In June, 2017, West Virginia University Medicine was studying a little-known approach to cancer treatment called narrative medicine. The aim was to improve the treatment experience for doctors and patients alike through storytelling. We met and followed a cancer patient, Lacie Wallace, who was diagnosed with stage-four colon cancer.
The art of storytelling has had lasting effects for her family and community. Almost two years later, we pick up her story again. A group of artists in Wheeling recently made good on a promise to Lacie and the two daughters she had to leave behind.
The Stifel Fine Arts Center in Wheeling presented an art exhibit this spring called The Art of Healing. The exhibition included drawings, paintings, photography, sculpture and writing that explored the emotional impact of physical illness and “the therapeutic power of the creative process to address physical, emotional and spiritual needs.”
The Stifel Fine Arts Center’s exhibit The Art of Healing culminated last week with a silent art auction.
Wheeling-area artist Cecy Rose is part of a group called the independent artists who meet to make art at the Stifle.
“The art group has been getting together for about 15 years now,” Cecy said. “We just started out as a group of artists that wanted to get together and draw from the live model.”
Cecy met and invited Lacie Wallace to sit for the group 10 years ago. Lacie loved being a model for the group.
“And she stuck with us for at least eight years and then she got her diagnosis, and she stuck with us for most of that. She modeled for us when she had lost 100 pounds for the colon cancer. And we just rode it out together.”
Cecy and some of the artist group went to visit Lacie when she was ill. Lacie asked them to do her a favor.
“She said, ‘I’m gonna be a warrior…but just in case, would you put an exhibit together of all these paintings for me. Do this for my daughters.’ And we said, of course.”
Cecy got to work organizing first a small show, then a larger auction in collaboration with the Stifel Fine Arts Center during their exhibition The Art of Healing. Cecy said most of the art sold and several portraits were donated back to the family. Dozens of community members showed up to bid. All proceeds went into a fund for Rozzalin and Zuzu, Lacie's daughters. The independent artist group, together with the Stifel Fine Arts Center, managed to raise $4,000 for Lacie’s girls.
Cecy said the auction and the larger exhibit provided valuable insight about some of the deeper values of art.
“I think this brought awareness to the community that art permeates everything,” she said. “Art is so healing.”
An Artist’s Auction
Rozzalin Wallace, Lacie’s almost-14-year-old daughter, read an artist statement about her mom:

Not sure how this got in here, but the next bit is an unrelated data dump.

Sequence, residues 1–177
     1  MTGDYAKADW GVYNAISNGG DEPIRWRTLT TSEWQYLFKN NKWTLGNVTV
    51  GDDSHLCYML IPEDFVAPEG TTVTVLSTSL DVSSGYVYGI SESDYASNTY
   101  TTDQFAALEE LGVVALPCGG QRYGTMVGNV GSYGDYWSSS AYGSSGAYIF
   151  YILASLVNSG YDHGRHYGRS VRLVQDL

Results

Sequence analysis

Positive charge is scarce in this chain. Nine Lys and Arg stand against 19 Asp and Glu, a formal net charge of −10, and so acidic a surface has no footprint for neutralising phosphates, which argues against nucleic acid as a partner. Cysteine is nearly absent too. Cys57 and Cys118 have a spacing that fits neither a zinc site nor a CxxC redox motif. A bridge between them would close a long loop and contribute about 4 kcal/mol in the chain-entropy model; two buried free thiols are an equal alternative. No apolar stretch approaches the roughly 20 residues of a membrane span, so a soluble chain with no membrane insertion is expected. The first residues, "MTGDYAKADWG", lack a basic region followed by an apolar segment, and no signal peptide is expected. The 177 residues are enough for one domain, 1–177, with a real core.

“Lacie Lee Wallace was a Wheeling artist who was a mother of two and diagnosed with stage-4 colon cancer when she was in her 30s.”
Rozzalin stood in front of one of her mom’s pieces at the art exhibit. An abstractly painted self-portrait called “Selfless Portrait” had dreadlocks attached to it. An abstracted key made of loosely spindled wire hung from a necklace also attached through the canvas around the neck of the painted portrait.
“Consisting of buttons, bows, butterflies,” Rozzalin read on from the words her mother wrote on the back of the canvas, “my dreadlocks from 2006-2008 and replica of my grandmother’s key that I have worn since her death in 2003.”
Rozzalin also happens to be wearing a key necklace but she says there’s no real sentimental value like her mom’s had. Her mother’s key will go to her 4-year-old little sister, Zuzu.
Zuzu’s grandfather -- Lacie’s dad, Tom Garafalo -- was also at the auction. He was always close to Lacie and remembers when she first became interested in art as a young girl.
“We would go to the library and get books on art and she understood that artists were trying to bring you somewhere and put you in a certain moment of time,” he said.
Tom loved all the portraits of Lacie from the various artists over the years but not just to see the variations of his daughter, but because of what the portraits revealed about her relationship to the artists.
“Every single painting -- they took the tattoos off,” Tom observed. “Lacie didn’t like her tattoos. That means they understood her. The art wasn’t just a woman who’s posing for someone it was someone that they knew.”
“She told us near the end,” Cecy recalled, “that she just wanted to be a painting on the wall of a woman that people would walk past and say, ‘I wonder who that woman is?’”